Nine writers’ musings on family life. The premise of the anthology is potentially uninviting – are we in store for a mildly entertaining account of nine unfamiliar family trees? Fifty-seven charming pages later, we find the answer to be a firm no. We understand why from page one.

Anthologies All

Catherine Coldstream’s piece on her father, artist William Coldstream, opens the collection with distinctive energy. There is no dull chronology here, but instead a playground for our senses, each smell and sight infused with the character of William Coldstream. The highlight of this piece is perhaps the descriptive exactitude which builds an environment from details as precise as “the sticky-sweet viscosity of linseed oil.” But there is also unarguable merit in the clear-eyed balance of Coldstream’s account of the artist, whom she knew both as acclaimed painter and as her loving father. She speaks, therefore, with unequivocal authority. The piece sits somewhere between memoir and biography, where Coldstream can channel the warmth of her memories into a thoughtful portrait of her father as an artist of his time.

The scope of the collection is impressively large and it is clear that these writers are imaginatively open-minded. Caroline Pearce looks back at 1930s London to tell us the story of a Dr Barnardo’s child, synthesising this tender real life tale with a documentation of post-war poverty. Meanwhile, Lyndsey Jenkins takes us to Ghana, exposing a kind of modern day witch-hunting practise. The prey? The “Spirit children,” infants whose families believe them to hold latent demonic qualities. Like Pearce, Jenkins places behind the narrative a commentary on the impact of inescapable poverty, making for a piece which is sad and chilling in equal measure.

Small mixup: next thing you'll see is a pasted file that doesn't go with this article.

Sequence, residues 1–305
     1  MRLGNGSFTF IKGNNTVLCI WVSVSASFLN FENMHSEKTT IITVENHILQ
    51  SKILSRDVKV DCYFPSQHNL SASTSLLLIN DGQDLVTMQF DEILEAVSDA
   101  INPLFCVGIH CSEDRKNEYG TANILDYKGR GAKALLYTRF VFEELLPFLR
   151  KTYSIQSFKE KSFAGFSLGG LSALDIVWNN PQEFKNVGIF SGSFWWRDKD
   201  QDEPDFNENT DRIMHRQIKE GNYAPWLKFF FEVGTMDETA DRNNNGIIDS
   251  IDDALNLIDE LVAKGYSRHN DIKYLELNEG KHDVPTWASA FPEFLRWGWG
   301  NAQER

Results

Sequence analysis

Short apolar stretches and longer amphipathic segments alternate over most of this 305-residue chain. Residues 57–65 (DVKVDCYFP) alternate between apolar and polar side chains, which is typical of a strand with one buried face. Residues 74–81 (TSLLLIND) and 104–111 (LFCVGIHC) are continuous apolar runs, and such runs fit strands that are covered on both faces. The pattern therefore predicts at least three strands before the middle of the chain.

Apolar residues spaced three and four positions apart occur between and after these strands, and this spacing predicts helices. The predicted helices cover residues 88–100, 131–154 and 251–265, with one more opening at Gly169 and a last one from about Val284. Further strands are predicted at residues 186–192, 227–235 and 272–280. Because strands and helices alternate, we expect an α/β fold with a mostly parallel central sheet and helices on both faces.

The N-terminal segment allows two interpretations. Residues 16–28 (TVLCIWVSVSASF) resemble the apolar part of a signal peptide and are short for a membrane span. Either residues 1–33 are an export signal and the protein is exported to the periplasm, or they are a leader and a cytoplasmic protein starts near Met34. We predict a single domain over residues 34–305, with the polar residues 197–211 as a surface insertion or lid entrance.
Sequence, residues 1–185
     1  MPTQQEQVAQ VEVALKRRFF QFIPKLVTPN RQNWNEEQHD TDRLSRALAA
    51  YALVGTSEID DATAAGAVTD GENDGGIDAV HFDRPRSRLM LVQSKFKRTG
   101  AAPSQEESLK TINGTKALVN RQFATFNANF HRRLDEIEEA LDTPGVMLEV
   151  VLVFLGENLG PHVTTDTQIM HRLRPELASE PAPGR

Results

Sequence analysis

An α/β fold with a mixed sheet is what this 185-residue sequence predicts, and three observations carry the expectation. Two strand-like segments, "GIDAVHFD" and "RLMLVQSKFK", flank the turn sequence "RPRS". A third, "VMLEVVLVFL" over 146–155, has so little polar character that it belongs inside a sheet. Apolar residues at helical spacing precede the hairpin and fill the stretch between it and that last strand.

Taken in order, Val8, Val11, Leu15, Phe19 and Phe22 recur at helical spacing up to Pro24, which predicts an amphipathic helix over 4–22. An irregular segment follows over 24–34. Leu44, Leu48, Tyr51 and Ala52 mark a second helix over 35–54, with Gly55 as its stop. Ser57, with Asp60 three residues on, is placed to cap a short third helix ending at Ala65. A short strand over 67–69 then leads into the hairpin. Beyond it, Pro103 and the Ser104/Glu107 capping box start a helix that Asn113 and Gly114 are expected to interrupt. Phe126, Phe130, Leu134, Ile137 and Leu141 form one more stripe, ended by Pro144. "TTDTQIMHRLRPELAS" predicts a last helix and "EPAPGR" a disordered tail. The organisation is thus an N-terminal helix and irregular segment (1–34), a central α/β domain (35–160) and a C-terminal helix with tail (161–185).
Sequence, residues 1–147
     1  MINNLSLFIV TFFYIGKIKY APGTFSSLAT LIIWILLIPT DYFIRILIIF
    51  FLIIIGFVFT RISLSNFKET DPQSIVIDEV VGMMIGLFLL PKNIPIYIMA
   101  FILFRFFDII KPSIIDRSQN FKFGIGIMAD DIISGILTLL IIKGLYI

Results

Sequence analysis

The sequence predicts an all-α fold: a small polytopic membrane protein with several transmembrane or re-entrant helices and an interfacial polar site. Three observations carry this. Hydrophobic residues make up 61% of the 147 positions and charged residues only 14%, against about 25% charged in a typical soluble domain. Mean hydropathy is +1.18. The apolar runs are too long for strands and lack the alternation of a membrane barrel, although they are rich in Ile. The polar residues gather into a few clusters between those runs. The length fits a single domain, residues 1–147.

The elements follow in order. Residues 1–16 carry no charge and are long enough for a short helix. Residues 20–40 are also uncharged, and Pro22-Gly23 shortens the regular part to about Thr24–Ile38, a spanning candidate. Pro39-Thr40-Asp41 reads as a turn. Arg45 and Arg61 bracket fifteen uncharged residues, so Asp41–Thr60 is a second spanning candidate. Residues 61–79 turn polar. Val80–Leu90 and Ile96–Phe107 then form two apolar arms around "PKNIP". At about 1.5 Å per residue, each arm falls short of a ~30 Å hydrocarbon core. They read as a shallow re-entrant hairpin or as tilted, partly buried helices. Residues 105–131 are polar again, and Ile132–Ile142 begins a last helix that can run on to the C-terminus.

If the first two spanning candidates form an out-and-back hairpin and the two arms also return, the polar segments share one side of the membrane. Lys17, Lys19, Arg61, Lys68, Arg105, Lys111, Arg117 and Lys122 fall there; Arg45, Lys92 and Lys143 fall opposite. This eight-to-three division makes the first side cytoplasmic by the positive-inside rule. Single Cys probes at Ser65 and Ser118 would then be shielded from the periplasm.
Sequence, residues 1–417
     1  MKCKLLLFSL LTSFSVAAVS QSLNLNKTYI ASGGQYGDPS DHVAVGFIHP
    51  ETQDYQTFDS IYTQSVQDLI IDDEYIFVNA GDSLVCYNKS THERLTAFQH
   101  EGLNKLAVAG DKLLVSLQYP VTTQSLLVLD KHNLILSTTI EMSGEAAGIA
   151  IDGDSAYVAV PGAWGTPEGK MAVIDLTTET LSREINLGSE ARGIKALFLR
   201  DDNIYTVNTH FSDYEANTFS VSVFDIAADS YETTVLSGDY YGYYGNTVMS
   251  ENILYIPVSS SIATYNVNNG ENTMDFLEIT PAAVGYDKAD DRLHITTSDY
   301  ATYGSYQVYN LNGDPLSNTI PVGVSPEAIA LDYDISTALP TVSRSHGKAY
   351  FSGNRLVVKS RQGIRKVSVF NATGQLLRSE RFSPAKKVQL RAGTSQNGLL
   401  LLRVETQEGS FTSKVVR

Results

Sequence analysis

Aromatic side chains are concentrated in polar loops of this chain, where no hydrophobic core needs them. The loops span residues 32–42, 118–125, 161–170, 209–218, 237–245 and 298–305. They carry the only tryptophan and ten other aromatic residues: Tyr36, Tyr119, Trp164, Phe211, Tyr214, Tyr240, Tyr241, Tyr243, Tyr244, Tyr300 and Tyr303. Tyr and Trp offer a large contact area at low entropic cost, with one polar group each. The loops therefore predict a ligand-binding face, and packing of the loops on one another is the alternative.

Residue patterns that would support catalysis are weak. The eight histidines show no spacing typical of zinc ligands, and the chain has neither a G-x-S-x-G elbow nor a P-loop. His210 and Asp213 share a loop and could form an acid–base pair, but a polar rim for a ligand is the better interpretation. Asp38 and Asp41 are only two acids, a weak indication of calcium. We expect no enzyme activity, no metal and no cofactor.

Collectively, the works offer a tentative consideration on the nature of loss. Sometimes this is explicit; the foremost example being the penultimate contribution, Naomi Spicer’s ‘The Lie Behind the Beauty of Death.’ Spicer’s piece stands out, if initially only because of the way she establishes her argument prior to her narrative. “Have you ever seen someone die?” she begins, entering into a slightly confrontational polemic which feels more suited to stage than page. The shift, though, from this dramatic opening to the softly treaded story which follows makes for an utterly compelling piece of writing. She documents her memories of watching her father fade away, leaving her and her family distraught. The piece is a delicate evocation of the inevitable sequence of decline, underpinned by a heartfelt assertion of the unforgettable, haunting reality of death.

If you are thinking of completing the Biography and Creative non-fiction MA at UEA, read the anthology for an inspiring foresight into what you may achieve therein. If you work or study at UEA, read it to commend the talent of the nine writers graduating from the course this year. If you are either of the above or anybody else, read the anthology for a small but captivating education in familial love, loss, and essentially, family life.